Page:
Pedophile Catholic brothers John Chute and Gregory Sutton continued to teach

By Jared Owens
June 10, 2014

Marist Brother John Chute , also known as “Brother Kostka”, pleaded guilty to 19 counts of child sex abuse in 2008.

A PEDOPHILE Catholic brother was allowed to continue working as a school principal, even after he was charged with 24 counts of child sexual abuse in the 1990s.

The Royal Commission into Institutional Responses to Child Sexual Abuse this morning commenced a hearing into the Marist Brothers' dealings with two pedophile teachers John Chute and Gregory Sutton accused of collectively abusing 69 girls and boys at numerous schools across NSW, Queensland and Canberra.
Counsel assisting the commission Simeon Beckett, in his opening address, that senior Marists were repeatedly warned about both Chute and Sutton, and both admitted wrongdoing, but allowed them to continue teaching.
Sutton was "sent for counselling" to the Southdown Institute, a residential care facility in Canada, after revealing wrongdoing to a senior Marist, Alexis Turton, in 1989.
Police in Australia meanwhile issued 24 warrants for his arrest between 1992 and 1993.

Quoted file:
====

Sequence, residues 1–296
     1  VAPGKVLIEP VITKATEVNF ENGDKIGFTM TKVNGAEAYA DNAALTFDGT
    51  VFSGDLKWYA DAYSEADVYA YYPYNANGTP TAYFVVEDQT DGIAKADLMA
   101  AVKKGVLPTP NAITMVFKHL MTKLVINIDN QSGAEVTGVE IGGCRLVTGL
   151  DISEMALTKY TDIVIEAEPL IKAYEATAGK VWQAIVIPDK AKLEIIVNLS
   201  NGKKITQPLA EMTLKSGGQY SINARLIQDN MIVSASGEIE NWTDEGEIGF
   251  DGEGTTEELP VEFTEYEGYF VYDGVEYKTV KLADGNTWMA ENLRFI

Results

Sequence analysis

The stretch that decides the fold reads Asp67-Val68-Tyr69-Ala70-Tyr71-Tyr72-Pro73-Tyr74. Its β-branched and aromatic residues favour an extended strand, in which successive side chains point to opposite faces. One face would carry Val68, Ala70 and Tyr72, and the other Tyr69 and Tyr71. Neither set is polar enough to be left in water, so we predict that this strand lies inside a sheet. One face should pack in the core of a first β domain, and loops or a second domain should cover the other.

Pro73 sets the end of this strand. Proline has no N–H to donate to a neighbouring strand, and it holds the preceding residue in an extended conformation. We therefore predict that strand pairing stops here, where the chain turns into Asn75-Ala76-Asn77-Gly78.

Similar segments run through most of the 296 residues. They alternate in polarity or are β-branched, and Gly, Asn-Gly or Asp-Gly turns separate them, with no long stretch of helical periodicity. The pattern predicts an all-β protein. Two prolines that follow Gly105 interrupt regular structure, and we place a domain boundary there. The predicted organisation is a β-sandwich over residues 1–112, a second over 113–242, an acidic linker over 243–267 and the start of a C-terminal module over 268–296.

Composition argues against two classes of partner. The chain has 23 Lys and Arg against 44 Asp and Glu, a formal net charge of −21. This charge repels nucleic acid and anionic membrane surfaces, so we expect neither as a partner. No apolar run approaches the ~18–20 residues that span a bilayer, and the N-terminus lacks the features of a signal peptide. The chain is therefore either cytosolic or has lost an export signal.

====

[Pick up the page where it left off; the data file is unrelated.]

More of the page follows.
"However, the evidence is likely to reveal that Brother Sutton continued at Southdown until 1992 and then from 1994 to 1996 became a headmaster at a school in St Louis, Missouri" in the United States, Mr Beckett said.
Mr Beckett was eventually extradited to Australia, and the commission will examine "what assistance, if any" was provided to police by the Marist Brothers.
Sutton pleaded guilty to 67 charges of child sexual assault in 1996 and was sentenced to 18 years' jail with a 12-year non-parole period.
Chute, also known as "Brother Kostka", pleaded guilty to 19 counts of child sex abuse in 2008. He was sentenced to six years imprisonment, with the third year in weekend detention, and the final three years suspended.
The Royal Commission this morning refused to continue an 18-year-old suppression order protecting Sutton's identity, ruling the principle of open justice outweighed any "distress" caused to the pedophile.
His lawyer, Greg Walsh, had cautioned against releasing Sutton's identity, fearing he could be "hounded" in the same manner as notorious pedophile Dennis Ferguson.


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